Till then!


Wednesday, November 07, 2007

Marsh Madness!!

Busy week at the Edinburg Scenic Wetlands! Lot of visitors, both human and non-human, have stopped by in the past couple of days. As far as humans go, bird watchers and photographers from all over the country have descended upon the valley to attend the 14th anual Rio Grande Valley Bird Festival (http://www.rgvbirdfest.com) that is taking place this weekend in Harlingen. The staff and I always enjoy talking to festival goers. Visitors get to hear about recent bird sightings and we (mostly our Senior Secretary Loni and I) get to ask people from parts beyond the valley about birds we never get down here (like Gray Jays and Magpies and such). Many juvenile humans (5th graders) have been dropping by as well. The 5th Grade Wetlands Program is in full swing. Every week a couple hundred 5th graders spend their mornings out here as they learn about wetlands. This week is no exception.

Monarchs and migratory birds have been gracing our garden and wetlands for a while now, but things seems to have picked up this week. Monarchs have been passing through our gardens since late September, but more seem to be alighting on our blooming Crucitas (Eupatorium odoratum) since last week. We also got a pretty uncommon butterfly in our garden on Saturday. A Horace's Duskywing was spotted on Saturday during our annual Monarch Migration Celebration. New park record? YES.

Of course, migratory birds are everywhere! Nashville Warblers are being seen feeding on Goldenrod seeds. Orange-crowned Warblers, Common Yellowthroats, Lincoln's Sparrows, and waterfowl such as Northern Shovelers and Ruddy Ducks are being seen regularly. However, the White Pelicans seem to be late. Ebird reports of our site from previous years shows that our wintering White Pelicans show up as early as mid-October. Guess we'll have to wait for them a little longer this year.

That's all for now. Next update: "Pelicans arrive!"

-Javier de Leon, Interpretive Naturalist

Monday, October 08, 2007

Meet the new Naturalist

Hello everyone! I am Javier de Leon, the new naturalist at the Edinburg Scenic Wetlands and World Birding Center. Although I have just been hired to work at EWBC, I have been volunteering at this center's special events for the past two or three years. I always had fun working with the staff, and seeing and hearing all the wildlife in the park made every trip out here a real treat. Now that I work here at EWBC I am able to teach visitors wonderful things about the birds, butterflies and dragonflies as we observe them in the park's wetlands or in our beautiful gardens.

My interest in plants and animals began while growing up in Harlingen, Texas. Family trips to Laguna Atascosa National Wildlife Refuge sparked my curiosity about how plants and animals could survive without going to the store to buy food (I was VERY young when I started asking myself these questions). During a subsequent trip to the same park a year or so later I had a short conversation with a real "park ranger". This conversation, which consisted mostly of me asking too many questions, resulted in the beginning of my interest in wildlife. Much of my childhood was spent outside collecting bugs and looking at all the different birds that would visit my parents birdbath.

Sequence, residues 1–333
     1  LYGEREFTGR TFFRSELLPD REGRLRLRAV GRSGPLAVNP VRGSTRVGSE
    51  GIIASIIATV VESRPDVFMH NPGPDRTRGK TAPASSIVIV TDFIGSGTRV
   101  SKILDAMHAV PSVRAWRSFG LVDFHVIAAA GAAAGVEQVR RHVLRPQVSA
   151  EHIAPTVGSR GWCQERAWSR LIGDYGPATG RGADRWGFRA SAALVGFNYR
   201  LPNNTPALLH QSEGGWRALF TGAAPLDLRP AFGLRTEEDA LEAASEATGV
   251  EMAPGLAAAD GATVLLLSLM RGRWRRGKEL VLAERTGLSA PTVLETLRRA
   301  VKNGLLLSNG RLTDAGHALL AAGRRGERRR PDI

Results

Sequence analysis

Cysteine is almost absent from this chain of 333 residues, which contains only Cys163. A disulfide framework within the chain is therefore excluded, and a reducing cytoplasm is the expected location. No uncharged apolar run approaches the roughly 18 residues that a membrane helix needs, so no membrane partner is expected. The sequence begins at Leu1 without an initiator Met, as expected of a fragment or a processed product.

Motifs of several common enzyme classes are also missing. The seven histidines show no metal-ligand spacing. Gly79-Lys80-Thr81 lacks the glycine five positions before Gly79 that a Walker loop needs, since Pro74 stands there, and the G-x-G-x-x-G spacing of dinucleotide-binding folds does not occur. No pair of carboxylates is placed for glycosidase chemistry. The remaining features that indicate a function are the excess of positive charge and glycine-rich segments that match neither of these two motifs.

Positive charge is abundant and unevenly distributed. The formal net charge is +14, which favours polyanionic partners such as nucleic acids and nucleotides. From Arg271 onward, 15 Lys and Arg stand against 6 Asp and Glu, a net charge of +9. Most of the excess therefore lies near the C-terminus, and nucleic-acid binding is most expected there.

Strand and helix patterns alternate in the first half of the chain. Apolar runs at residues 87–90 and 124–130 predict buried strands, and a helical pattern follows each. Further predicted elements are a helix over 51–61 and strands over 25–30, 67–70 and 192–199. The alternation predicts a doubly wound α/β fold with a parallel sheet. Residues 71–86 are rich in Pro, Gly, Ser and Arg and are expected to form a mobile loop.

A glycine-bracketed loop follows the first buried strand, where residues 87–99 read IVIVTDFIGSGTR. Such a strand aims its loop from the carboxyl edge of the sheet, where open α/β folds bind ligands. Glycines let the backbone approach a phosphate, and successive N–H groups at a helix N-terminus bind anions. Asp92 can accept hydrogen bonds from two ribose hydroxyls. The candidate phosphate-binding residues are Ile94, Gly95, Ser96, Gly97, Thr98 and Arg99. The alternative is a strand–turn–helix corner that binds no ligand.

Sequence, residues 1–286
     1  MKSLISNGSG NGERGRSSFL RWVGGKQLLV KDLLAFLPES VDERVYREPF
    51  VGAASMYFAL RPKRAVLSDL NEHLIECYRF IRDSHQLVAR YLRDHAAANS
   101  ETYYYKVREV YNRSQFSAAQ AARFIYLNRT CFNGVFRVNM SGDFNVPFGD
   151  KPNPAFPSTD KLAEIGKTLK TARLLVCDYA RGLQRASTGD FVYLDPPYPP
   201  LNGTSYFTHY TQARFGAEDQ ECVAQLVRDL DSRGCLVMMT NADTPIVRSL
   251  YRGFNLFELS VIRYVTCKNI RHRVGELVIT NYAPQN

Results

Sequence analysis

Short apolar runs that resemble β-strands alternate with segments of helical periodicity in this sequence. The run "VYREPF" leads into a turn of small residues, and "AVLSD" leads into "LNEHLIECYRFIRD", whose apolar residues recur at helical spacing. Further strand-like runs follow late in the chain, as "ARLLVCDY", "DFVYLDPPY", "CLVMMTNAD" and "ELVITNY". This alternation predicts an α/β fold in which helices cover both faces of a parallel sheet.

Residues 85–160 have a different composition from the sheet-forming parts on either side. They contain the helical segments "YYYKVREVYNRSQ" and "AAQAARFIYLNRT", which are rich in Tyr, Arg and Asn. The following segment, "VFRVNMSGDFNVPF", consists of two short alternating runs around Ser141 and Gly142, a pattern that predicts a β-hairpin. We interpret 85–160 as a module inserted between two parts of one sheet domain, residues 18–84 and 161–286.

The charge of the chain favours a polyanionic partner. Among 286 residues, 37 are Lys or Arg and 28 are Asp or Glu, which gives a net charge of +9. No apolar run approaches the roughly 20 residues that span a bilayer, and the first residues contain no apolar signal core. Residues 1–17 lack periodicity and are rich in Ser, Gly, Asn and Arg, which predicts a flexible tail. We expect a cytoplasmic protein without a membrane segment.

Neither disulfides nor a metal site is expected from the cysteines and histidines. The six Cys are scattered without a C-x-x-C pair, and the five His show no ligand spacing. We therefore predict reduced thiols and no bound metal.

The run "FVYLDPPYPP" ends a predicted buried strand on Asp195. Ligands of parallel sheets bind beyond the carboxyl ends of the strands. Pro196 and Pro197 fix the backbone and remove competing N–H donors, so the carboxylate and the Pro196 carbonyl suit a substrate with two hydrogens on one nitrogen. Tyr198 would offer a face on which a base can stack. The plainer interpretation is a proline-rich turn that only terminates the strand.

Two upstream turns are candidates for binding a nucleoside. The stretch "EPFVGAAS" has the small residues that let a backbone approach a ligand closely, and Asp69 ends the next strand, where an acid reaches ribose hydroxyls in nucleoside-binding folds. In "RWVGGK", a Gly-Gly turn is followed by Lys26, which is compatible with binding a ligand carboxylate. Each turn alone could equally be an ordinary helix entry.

Twenty years later, my favorite thing to do is still going outside to look at the wonderful creatures that are all around us . It's a little odd being the person that answers all the questions that kids ask, but I hope to spark their interest and awareness of the outdoors in them as well.

- Javier

Saturday, May 05, 2007

Hip, Hip Horray for the Edinburg Eagle Eyes!

On April 21, 2007, members of the EWBC's Kid's Birding Club competed this years Texas Great Birding Classics' Roughwing Competition. Our team, "The Edinburg Eagle Eyes" had a wonderful time participating in this great event. We explored five fabulous birding sites, including the crystal covered shores of La Sal del Rey and the beautiful South Padre Island. At the end of the competition, our members Rebecca and Terry Sova, Katherine and Lauren Brough, and David Tovar successfully spotted and identified 67 bird species. Great job kids!

As team leader for the Edinburg Eagle Eyes, I want to send a heart-felt thank you to the City of Edinburg, Estero Llano Grande, and the Valley Nature Center for their generous support. Thank you guys!

For those of you interested in participating in next year's Roughwing Competition, please join us for our next Kid's Birding Club Meeting. Call EWBC at (956)381-9922 for future dates and time.

~Assalia Belmares

Assalia Belmares

Interpretive Naturalist

Edinburg World Birding Center

Wednesday, March 28, 2007

"Noche Tropical" - Members Appreciation Dinner

The Edinburg Scenic Wetlands and World Birding Center hosted their first annual Member Appreciation Dinner March 15, 2007.

The evenings event was themed, "Noche Tropical" and was organized by EWBC staff in appreciation for their members valuable support and dedication.

The night was filled with delicious tropical foods, tasty fruit beverages, and live entertainment.

These are the photos of the EWBC staff and their valued members as they enjoyed a great tropical evening together.